As a fine art nature and landscape photographer, I am blessed to live in the natural beauty of the Ozark Mountains.  With over 47,000 square miles to explore, I would need 10 lifetimes to fully explore the region.  

The Ozark's are home to world-class lakes, streams, and rivers that draw outdoor enthusiasts and nature lovers from around the USA and world.  The Ozark's are a nature lovers paradise that has just about every type of activity that anyone could want (camping, fishing, hiking, birding, photography, hunting, boating, biking, swimming, and more).  


I built a cabin and darkroom in the heart of the Ozark's during 2016 and 2017 where I am surrounded by the Mark Twain National Forest.  The project took nearly 18 months of work to plan and build from scratch.  I now have a retreat where I can focus on creating my artwork without distractions.  After I completed this project, I purchased my permanent home near the Branson area which allows me to conduct business as well as serve as my family home.  My cabin and darkroom are about two hours from my home near Branson, and both locations serve as a launching point for my nature and landscape photography projects.  

As a large format film photographer, I develop all of my own films in my custom darkroom and I handmake my collectible fine art prints ranging from iconic platinum prints to classic silver gelatin darkroom prints.  For my contemporary color artwork, I scan my large format sheet film with my high-resolution scanner which allows me to create artwork on a variety of mediums (acrylic, metal, paper, canvas, and more).  


The Ozark Mountain region is located in the central United States, primarily in Arkansas, Missouri, and Oklahoma covering nearly 47,000 square miles. The Ozark's are by far the most extensive mountainous region between the Appalachians and Rockies.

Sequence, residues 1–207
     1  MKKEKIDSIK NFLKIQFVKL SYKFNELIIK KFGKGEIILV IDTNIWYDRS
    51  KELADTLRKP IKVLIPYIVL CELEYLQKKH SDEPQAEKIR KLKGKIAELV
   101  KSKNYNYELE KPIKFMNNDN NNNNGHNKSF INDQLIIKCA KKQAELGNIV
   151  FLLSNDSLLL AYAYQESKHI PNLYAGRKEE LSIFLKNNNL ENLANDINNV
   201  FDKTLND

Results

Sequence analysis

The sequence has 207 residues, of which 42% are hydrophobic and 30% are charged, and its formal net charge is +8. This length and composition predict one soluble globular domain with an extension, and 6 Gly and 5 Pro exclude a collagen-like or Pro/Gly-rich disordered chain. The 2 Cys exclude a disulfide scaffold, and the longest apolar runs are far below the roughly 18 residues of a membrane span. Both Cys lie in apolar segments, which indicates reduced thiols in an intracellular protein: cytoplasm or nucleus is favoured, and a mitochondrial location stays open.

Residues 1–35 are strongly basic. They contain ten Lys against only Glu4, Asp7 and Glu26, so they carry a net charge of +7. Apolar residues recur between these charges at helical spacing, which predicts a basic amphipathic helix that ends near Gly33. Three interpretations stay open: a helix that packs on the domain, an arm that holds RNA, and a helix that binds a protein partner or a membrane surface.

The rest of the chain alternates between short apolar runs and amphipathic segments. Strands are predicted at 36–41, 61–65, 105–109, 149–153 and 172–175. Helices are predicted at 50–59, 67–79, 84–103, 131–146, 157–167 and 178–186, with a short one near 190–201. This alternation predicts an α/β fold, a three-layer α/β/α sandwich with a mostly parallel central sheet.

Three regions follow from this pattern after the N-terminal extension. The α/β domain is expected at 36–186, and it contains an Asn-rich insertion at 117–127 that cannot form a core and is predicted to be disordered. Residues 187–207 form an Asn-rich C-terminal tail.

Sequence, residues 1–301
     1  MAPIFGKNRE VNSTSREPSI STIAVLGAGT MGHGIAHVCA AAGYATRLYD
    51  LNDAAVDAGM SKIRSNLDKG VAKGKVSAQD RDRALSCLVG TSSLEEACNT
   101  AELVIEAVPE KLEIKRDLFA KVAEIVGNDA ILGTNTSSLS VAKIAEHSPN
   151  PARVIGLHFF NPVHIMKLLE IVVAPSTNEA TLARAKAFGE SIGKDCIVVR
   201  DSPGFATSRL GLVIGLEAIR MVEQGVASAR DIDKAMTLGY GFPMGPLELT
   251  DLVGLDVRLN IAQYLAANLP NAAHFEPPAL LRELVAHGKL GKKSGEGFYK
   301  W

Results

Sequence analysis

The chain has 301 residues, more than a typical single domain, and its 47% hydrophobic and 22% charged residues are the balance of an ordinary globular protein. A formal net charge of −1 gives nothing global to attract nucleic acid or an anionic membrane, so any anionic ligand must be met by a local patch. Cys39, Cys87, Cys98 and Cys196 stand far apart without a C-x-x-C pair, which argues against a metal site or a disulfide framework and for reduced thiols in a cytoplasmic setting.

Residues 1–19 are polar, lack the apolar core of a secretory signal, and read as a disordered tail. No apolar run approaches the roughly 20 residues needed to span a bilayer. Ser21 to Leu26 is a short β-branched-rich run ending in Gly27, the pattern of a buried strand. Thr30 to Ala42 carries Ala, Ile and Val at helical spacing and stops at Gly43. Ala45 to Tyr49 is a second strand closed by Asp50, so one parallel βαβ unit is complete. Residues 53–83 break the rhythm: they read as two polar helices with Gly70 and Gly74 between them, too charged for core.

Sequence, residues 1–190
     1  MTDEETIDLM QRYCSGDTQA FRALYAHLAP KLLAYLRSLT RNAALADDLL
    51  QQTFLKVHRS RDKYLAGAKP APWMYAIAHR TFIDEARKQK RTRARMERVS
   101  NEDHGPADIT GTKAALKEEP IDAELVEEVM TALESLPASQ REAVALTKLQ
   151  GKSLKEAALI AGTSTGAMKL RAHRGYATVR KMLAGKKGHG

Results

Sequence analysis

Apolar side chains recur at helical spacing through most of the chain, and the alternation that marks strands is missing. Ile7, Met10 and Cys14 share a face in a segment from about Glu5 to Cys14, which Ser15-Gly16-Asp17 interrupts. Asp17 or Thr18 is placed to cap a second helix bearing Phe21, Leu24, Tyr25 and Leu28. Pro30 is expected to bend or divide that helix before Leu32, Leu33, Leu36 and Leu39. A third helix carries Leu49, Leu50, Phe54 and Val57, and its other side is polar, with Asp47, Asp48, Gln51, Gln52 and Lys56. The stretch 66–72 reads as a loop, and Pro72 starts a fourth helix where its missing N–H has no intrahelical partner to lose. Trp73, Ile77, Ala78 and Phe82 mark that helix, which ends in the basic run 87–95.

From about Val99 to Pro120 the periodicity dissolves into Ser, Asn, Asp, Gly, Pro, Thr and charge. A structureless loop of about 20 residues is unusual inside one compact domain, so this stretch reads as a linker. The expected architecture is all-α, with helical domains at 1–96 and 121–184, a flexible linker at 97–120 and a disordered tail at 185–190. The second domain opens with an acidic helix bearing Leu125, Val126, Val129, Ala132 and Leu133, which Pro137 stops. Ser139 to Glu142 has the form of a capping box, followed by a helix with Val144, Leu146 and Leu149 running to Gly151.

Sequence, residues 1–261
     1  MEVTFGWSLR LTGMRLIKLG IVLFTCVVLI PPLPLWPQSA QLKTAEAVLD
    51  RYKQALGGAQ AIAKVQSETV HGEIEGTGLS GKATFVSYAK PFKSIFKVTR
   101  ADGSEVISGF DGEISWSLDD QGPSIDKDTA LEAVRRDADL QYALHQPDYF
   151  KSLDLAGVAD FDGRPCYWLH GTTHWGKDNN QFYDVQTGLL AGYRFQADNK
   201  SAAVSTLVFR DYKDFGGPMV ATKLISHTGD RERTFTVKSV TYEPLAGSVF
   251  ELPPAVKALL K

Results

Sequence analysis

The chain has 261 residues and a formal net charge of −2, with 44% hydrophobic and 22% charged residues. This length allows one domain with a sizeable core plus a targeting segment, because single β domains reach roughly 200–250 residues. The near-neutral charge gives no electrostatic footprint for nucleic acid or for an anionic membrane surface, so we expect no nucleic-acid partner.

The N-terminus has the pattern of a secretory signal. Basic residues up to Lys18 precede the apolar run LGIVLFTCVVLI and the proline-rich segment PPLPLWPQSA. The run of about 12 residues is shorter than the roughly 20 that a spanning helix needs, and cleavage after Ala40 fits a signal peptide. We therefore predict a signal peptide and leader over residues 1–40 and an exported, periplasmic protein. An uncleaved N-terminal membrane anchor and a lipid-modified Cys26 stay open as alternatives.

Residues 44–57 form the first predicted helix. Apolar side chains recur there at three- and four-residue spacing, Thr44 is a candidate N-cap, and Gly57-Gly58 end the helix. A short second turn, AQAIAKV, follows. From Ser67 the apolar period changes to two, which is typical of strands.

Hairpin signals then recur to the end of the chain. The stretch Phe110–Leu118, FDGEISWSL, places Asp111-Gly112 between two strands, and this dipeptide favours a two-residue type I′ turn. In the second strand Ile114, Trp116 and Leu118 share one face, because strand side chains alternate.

The Ozarks cover a significant portion of southern Missouri, extending as far northeast as the southwestern suburbs of St. Louis. In Arkansas, a large portion is contained within the northwestern and northcentral region. Much smaller pieces of the Ozarks extend westward into northeastern Oklahoma and extreme southeastern Kansas.  The most popular destination for visitors is Branson, Missouri.  


Branson, Missouri hosts over seven million people each year including over 100 shows, 200 lodging facilities, and 400 restaurants. Branson is located in the heart of the Ozark's, just 30 minutes south of Springfield.  Branson's 76 Country Boulevard is famously lined with theaters, which once hosted mostly country music performers but today present diverse entertainment. Also along the strip are the Marvel Cave, the Wild West-style Dolly Parton’s Dixie Stampede Dinner Attraction, and Silver Dollar City, a 1800's themed amusement park with live music.  Visitors dump over 1.5 billion dollars into the local economy every year.  The vast majority of visitors arrive by vehicles, RVs, and tour buses.  However, there is an increasing number of visitors flying into the area each year.  

Branson is surrounded by three prize-winning fishing lakes. This city has become the focus of international attention as both a major development area and an entertainment and tourism Mecca. The reasons are numerous and range from the scenic natural beauty of the area to the star-studded theaters along Highway 76 with their line-up of major recording artists as well as other family-oriented entertainment offerings.


The St. Francois Mountains located in the Ozarks in Southeastern Missouri are home to a historically and geologically significant landscape.  This range is one of the oldest exposures of volcanic rock in North America.

The extraordinary saga of St. Francois Mountains started nearly 1.485 billion years ago when they were formed by volcanic and intrusive activity.  By comparison, the Appalachians started forming about 460 million years ago, and the Rockies a mere 140 million years ago. When the Appalachians started forming, the St. Francois range was already twice as old as the Appalachians are today.  These ancient mountains may be the only area in the American Midwest never to have been submerged, (as evidenced by the lack of marine fossils) existing as an island archipelago in the Paleozoic seas.

All landscapes have a history.  There are distinct voices and languages that belong to particular areas.  There are voices inside the rocks, shifting skies, and trees.